God showed the Israelites his character through teaching them the ten commandments. The law is good, and perfect – it is God’s character, after all, and James shows us the importance of the law, but reminds us that keeping God’s law (works) is a result of faith, (James 2:14-26) and that you can’t see faith in action without the action. John, too, declared the importance of the law, but explained that all the law and character of God culminates into one commandment for us – belief in the name of Jesus Christ, and love to others (1 John 3:23).

Under the old covenant we were in bondage to the law; the ten commandments were the very terms of the old covenant. Paul, however, declares that under the new covenant our salvation is not based on obeying the law we’ll get to that now, as well as Romans 3:31.

Take a look at Romans 3:27 and read on down to verse 31 to get a little more context here:

27 Can we boast, then, that we have done anything to be accepted by God? No, because our acquittal is not based on obeying the law. It is based on faith. 28 So we are made right with God through faith and not by obeying the law.

29 After all, is God the God of the Jews only? Isn’t he also the God of the Gentiles? Of course he is. 30 There is only one God, and he makes people right with himself only by faith, whether they are Jews or Gentiles. 31 Well then, if we emphasize faith, does this mean that we can forget about the law? Of course not! In fact, only when we have faith do we truly fulfill the law.

– Romans 3:27-31

Notice as an aside that in the New King James (the above is from the NLT) Paul notes two laws, the law of works which we cannot boast in for our salvation, and the law of faith, which we can boast in (boasting in the saving power of Jesus). And how is the law established by faith? Faith working through love (Galatians 5:6b – … What is important is faith expressing itself in love”). Then could we not say that the law of faith is, as John put God’s command, “That we should believe on the name of His Son Jesus Christ and love one another, as He gave us commandment.” (1 John 3:23)

God’s character hasn’t changed, and that is why Paul declares that the law is good. But let’s go back to Galatians 5:16-26 briefly.

16 So I say, let the Holy Spirit guide your lives. Then you won’t be doing what your sinful nature craves. 17 The sinful nature wants to do evil, which is just the opposite of what the Spirit wants. And the Spirit gives us desires that are the opposite of what the sinful nature desires. These two forces are constantly fighting each other, so you are not free to carry out your good intentions. 18 But when you are directed by the Spirit, you are not under obligation to the law of Moses.

19 When you follow the desires of your sinful nature, the results are very clear: sexual immorality, impurity, lustful pleasures, 20 idolatry, sorcery, hostility, quarreling, jealousy, outbursts of anger, selfish ambition, dissension, division, 21 envy, drunkenness, wild parties, and other sins like these. Let me tell you again, as I have before, that anyone living that sort of life will not inherit the Kingdom of God.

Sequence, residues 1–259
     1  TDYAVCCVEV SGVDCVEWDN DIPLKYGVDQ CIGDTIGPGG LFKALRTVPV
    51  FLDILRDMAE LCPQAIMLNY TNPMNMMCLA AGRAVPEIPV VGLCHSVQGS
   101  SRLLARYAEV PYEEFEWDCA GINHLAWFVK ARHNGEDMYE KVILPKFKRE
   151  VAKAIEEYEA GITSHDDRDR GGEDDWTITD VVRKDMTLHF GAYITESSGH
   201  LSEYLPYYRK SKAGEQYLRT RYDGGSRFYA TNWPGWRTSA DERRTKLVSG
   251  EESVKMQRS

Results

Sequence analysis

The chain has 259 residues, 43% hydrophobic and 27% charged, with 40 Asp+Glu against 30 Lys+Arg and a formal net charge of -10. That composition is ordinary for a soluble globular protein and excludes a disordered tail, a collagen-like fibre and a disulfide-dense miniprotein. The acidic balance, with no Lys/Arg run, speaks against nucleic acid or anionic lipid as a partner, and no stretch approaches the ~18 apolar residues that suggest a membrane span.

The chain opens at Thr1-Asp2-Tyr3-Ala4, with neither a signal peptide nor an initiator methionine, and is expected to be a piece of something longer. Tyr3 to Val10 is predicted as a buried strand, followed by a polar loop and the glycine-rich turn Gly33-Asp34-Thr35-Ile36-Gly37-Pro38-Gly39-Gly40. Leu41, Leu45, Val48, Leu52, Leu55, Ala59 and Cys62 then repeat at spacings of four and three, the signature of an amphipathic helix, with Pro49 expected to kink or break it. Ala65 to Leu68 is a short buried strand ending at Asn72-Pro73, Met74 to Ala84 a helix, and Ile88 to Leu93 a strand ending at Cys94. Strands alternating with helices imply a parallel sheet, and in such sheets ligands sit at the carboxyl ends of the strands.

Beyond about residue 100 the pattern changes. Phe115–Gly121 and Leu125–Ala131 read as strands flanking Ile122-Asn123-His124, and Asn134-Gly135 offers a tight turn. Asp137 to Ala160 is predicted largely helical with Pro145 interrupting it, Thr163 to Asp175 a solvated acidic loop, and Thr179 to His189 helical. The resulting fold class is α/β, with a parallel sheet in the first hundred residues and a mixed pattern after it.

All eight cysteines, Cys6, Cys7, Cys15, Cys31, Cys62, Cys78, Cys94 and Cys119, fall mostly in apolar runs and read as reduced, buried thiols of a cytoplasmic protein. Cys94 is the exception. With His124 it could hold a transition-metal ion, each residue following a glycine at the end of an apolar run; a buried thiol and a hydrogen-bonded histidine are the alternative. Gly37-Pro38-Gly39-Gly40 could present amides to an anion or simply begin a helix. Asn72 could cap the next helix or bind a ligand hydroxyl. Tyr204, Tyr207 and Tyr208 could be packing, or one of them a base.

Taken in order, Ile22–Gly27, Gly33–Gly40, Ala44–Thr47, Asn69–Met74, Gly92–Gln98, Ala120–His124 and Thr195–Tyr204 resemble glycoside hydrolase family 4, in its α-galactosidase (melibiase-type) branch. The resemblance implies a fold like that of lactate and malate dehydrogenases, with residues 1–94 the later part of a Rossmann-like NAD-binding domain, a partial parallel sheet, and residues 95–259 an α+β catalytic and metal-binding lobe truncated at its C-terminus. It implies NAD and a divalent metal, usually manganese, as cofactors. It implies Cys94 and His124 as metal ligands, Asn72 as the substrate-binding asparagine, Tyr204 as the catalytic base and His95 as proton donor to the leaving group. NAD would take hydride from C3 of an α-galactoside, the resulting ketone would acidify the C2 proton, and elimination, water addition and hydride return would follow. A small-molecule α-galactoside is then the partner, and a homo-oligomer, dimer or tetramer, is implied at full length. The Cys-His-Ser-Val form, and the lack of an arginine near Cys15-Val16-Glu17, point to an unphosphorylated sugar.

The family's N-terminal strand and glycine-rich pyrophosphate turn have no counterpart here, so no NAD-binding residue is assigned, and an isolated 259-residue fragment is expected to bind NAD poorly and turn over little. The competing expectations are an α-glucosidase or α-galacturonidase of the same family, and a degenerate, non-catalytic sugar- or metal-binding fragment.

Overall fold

22 But the Holy Spirit produces this kind of fruit in our lives: love, joy, peace, patience, kindness, goodness, faithfulness, 23 gentleness, and self-control. There is no law against these things!

24 Those who belong to Christ Jesus have nailed the passions and desires of their sinful nature to his cross and crucified them there. 25 Since we are living by the Spirit, let us follow the Spirit’s leading in every part of our lives. 26 Let us not become conceited, or provoke one another, or be jealous of one another.

– Galatians 5:16-26

We’re called to allow the Spirit of God to work in us, and it is the Spirit of God which aligns our lives with the character of God (of course, because the Spirit of God is God, after all). In verse 16 Paul calls us to walk in the Spirit, explaining in verse 17 that the sinful nature and the Spirit of God are complete opposites, and unless we walk in the Spirit of God, we won’t ever be able to live the good ways that we wish to. But then Paul makes this statement in verse 18 – that if we walk in the Spirit, we are no longer under the law. So as important as the law is, it is ONLY important because it is the character of God. When the Spirit of God lives in us, the written law is no longer necessary, because all the lusts of the flesh that kept us from entering God’s kingdom before (verse 19-21) are the fruits of our sinful spirit, but the Spirit of God living in us produces fruits (verse 22-23) in alignment with the nature and character of God. And we know that the fruits of the Spirit do not go against the character of God, because Paul tells us there is no law against them.